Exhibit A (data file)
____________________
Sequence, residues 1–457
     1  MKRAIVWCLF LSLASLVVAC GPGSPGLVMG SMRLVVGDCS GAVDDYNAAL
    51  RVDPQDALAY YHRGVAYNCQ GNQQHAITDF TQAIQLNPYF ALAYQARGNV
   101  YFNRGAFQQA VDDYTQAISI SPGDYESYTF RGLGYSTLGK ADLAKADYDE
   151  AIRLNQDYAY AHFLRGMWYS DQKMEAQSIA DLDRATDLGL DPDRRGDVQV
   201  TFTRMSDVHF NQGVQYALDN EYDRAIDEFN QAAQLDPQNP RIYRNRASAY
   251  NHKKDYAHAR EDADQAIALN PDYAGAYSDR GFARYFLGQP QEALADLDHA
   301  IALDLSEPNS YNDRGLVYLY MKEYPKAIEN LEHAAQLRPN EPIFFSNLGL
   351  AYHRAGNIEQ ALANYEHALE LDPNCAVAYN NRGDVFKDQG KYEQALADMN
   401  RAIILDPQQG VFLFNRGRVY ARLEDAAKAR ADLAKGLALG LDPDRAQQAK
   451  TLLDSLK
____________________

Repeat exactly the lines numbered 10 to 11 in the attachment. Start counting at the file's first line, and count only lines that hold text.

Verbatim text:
   401  RAIILDPQQG VFLFNRGRVY ARLEDAAKAR ADLAKGLALG LDPDRAQQAK
   451  TLLDSLK